Correctional Institutions

As per CDC recommendations, HIV testing should be offered to all adults at any health care visit which would include health screenings routinely done during an inmate’s stay in a correctional facility.  Testing for HIV not only helps identify newly diagnosed HIV positive patients, leading to prompt initiation of vital treatment; it can also halt further transmission of the disease.

We realize that adding this task to your medical intake or usual screening procedures can be daunting, and we hope the answers below (HWA) to your potential questions will ease some of your concerns. For more information on correctional institutions performing routine HIV testing, click here

Concern:  How can we be sure that a patient has all of the information required to consent to a test?

HWA:  Per the revised CDC guidelines, prevention counseling (i.e. risk assessment and risk reduction planning) is no longer a prerequisite for HIV testing. However, Pennsylvania’s Act 148  requires that specific educational information be made available to the patient in pre-test counseling. We have developed brochures and other printed materials that provide information on HIV testing and fulfill the pre-test counseling requirement.  Most sites have found it helpful to give a brochure to every adult at medical intake, and the inmate can indicate consent at that time.  You can choose to perform the testing then or call the inmate back to medical at a later time.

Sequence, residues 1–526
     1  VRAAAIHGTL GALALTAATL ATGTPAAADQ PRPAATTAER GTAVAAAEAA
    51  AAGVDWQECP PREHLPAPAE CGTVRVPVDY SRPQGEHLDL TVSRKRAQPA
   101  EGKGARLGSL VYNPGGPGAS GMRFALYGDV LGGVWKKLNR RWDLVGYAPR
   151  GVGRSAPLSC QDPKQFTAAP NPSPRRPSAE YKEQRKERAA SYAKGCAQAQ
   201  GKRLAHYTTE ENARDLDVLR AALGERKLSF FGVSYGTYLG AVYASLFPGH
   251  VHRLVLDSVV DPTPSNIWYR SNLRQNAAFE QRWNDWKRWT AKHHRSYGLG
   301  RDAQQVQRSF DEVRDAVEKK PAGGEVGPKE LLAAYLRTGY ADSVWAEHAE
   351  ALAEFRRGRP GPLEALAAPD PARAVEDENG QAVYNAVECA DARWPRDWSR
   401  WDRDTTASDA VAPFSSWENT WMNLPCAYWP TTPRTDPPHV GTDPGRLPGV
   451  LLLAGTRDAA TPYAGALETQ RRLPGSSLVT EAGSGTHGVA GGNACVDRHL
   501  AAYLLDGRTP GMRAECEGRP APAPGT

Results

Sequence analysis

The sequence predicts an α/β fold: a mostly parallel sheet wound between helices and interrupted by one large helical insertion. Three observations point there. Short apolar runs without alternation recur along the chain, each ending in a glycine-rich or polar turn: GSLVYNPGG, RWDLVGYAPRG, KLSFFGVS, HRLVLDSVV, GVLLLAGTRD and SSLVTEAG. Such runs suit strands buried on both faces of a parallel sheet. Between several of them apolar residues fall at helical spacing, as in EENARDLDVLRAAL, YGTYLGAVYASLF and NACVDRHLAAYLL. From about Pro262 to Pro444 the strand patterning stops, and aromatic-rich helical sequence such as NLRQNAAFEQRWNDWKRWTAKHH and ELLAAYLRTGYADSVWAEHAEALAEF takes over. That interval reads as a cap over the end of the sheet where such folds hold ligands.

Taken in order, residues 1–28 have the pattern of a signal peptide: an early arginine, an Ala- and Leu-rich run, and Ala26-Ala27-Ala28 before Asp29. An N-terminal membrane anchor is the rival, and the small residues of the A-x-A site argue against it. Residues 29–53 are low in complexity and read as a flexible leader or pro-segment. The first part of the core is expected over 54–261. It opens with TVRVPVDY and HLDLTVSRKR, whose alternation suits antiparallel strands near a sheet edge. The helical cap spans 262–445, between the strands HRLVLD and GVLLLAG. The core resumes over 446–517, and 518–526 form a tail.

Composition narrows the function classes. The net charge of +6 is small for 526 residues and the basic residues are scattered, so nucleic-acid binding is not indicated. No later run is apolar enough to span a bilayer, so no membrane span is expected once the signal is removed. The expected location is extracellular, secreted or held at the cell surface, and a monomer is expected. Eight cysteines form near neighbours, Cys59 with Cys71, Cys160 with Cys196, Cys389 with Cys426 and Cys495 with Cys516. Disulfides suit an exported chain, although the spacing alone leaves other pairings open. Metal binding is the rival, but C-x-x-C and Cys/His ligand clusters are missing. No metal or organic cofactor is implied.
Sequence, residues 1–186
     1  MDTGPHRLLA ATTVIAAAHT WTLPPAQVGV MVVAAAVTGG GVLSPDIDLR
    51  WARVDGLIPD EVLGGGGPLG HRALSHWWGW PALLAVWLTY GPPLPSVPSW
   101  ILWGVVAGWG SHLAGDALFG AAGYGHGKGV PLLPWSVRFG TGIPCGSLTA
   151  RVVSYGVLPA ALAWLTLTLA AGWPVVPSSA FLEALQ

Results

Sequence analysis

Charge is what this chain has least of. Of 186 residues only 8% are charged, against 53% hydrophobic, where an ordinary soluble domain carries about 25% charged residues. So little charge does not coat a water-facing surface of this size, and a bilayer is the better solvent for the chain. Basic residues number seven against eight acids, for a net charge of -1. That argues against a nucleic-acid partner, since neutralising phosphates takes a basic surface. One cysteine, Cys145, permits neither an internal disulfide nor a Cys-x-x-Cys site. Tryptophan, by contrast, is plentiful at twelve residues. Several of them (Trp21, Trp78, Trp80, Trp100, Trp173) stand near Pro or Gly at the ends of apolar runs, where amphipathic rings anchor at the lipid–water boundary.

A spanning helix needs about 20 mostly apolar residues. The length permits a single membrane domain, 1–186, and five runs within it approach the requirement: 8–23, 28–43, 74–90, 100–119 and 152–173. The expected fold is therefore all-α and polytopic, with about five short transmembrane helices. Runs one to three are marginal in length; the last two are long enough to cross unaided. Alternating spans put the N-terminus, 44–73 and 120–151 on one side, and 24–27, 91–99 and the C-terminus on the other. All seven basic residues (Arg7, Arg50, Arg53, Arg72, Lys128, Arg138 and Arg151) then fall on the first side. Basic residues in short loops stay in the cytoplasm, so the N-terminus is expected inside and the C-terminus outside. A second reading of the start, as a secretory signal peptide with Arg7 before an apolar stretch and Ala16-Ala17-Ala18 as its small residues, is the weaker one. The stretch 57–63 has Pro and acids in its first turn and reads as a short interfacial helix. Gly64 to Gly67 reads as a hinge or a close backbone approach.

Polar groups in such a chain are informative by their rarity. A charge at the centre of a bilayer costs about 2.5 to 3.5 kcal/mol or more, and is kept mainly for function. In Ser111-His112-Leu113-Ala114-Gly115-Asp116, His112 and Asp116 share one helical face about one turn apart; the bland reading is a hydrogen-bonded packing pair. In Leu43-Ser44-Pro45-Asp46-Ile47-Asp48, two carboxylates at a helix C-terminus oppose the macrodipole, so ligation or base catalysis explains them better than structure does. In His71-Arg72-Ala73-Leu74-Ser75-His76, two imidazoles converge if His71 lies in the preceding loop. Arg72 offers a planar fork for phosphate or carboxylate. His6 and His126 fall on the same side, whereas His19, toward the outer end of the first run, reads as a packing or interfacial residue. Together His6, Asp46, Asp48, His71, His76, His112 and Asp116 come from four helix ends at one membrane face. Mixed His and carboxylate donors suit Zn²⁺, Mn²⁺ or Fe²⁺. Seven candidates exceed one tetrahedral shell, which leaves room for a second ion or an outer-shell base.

Concern:  How do inmates get their results?

HWA: Since notification of results must be done face-to-face, a process must be in place to insure that an inmate’s privacy is protected.  We can provide you with literature to help with giving results and post test education.   If an inmate’s result is positive, you may chose to give the patient the results yourself or call your local Department of Health to help with the process. Please remember that if you choose to give positive results yourself, the DOH must still be notified by law.  The DOH can help identify HIV/AIDS specialists and or agencies for the patient’s future care.  If you are already affiliated with a clinic that offers HIV care, you may continue to use their services.

Concern:  How much time will it add on to the intake process to do the testing?

HWA:  If the inmate is already having blood work done, an extra tube can be drawn for a blood ELISA test.  Otherwise, conventional testing takes as little as three minutes.


Concern
:  How will the cost of testing be covered?

HWA: We will cover any additional lab costs associated with expanded testing.